Yet a poll, asking whether the presenters should be blamed for the death, was deadlocked at 50-50.

•, 14th December, 2012

Once again, Phillips's colleague warned the reporter that the poll had been hacked.

A printed retraction might be appropriate. You might even wring a whole article out of it.

• Email to News Ltd, 14th December, 2012

Well, there was no retraction - but at least removed all reference to the rorted poll.

Editor Luke McIlveen now tells Media Watch that he became aware of the poll-tampering on December the 18th

Our IT department has recently upgraded security on all News Limited online polls. While polls will continue to appear in some stories ... will not be publishing stories based on the results.

• Luke McIlveen, Editor,, 8th February, 2013

But it took a while. Right through January and into early February, Russell Phillips's bot was still finding polls to disrupt on the websites of News Ltd mastheads.

So far, there's been no correction by News Ltd of stories based on the rorted polls, and no account of how they were gamed by a reader. Luke McIlveen told us...

I have not published a story about the hacker's activities because I believe this individual should not be afforded any publicity.

• Luke McIlveen, Editor,, 1st February, 2013

Nice try Luke. But we disagree. We reckon he's demonstrated that online newspaper polls are scientifically worthless.

Today, Phillips told Media Watch that he's cracked News Ltd's latest defences - and Fairfax Media's as well. This poll in The Age, he claims...

Was Environment Minister Tony Burke right to reject a bid to protect the Tarkine Wilderness from mining and logging?

• The Age, 8th February, 2013

...was turned around by his bot just last night.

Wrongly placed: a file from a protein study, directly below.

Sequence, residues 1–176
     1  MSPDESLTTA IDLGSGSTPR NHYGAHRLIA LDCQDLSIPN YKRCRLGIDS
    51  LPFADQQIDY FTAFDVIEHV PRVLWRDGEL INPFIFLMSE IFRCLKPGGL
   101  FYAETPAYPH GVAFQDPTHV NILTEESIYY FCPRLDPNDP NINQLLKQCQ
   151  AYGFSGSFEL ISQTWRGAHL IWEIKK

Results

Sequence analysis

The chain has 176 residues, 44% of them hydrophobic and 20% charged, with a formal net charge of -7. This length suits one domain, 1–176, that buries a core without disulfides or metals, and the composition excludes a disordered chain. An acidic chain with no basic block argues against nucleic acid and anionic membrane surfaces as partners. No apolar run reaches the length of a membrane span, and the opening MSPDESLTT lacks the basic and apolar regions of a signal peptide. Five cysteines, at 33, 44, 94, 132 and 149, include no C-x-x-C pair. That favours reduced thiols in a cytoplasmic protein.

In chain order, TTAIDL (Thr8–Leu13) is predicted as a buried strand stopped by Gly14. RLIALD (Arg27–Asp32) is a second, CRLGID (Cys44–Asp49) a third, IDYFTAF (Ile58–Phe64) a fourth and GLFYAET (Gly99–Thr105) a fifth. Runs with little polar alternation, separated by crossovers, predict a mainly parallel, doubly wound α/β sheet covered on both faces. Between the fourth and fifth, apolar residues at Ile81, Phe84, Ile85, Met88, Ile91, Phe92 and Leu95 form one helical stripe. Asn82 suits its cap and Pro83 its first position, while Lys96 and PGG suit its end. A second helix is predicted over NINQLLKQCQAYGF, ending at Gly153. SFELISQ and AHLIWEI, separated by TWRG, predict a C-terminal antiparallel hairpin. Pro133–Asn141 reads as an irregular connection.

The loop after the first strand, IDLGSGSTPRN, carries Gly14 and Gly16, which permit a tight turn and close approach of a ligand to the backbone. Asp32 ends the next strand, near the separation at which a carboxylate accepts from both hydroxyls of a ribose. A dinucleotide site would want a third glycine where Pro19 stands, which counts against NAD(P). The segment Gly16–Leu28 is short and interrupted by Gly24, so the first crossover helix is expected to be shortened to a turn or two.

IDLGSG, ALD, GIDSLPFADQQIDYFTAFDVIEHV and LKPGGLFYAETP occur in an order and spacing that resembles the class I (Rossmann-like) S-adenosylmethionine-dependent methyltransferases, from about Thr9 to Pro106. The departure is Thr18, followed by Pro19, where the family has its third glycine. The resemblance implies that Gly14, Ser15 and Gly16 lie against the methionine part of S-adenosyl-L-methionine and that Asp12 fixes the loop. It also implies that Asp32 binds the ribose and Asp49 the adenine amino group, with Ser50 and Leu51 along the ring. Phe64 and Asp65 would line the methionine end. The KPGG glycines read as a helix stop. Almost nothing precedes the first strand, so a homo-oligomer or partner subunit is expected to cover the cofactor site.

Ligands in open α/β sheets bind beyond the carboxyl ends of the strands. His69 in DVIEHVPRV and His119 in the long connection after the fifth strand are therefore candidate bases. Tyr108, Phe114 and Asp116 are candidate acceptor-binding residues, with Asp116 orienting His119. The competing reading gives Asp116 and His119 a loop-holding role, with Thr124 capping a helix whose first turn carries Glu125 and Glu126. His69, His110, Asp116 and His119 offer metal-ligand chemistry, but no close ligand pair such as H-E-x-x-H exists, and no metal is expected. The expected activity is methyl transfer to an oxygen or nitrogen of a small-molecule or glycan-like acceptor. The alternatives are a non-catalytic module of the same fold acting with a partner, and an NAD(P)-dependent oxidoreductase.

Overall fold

Full responses, and more details, on our website. And next week, we sincerely hope, we'll find other news outlets to shove around. Till then, goodnight.



Comments (13)

Add your comment

  • Geoff :

    12 Feb 2013 6:00:31pm

    Why can't the online polls be used as a way for readers / subscribers to quickly 'have their say' on stories they might find interesting.
    This SOFTware bloke has ruined online polls for everybody. He probably breached most terms and conditions for using the websites and should be punished accordingly. Instead, MW hails him as a hero.

      • Yellek :

        13 Feb 2013 9:03:21am

        The story here is that the rorting is being disclosed to News Limited and Fairfax so they can fix the problem. From the sounds of it his exploit isn't hard to do so the question remains who else is rorting the polls without anyone's knowledge?

        Given the opportunity unscrupulous people WILL rort polls to get their message out so isn't it better to know?

      • James :

        24 Feb 2013 1:19:43pm

        Good news ! Online polls CAN be used for a way to quickly have our say ! just needs a proper polling system that is not easily rortable, which they are obviously not interested in.

        You can host a flawed poll and then blame others for the flaw. Fix the poll, save the cheerleader, save the world.

  • Ouroborus :

    12 Feb 2013 3:18:15pm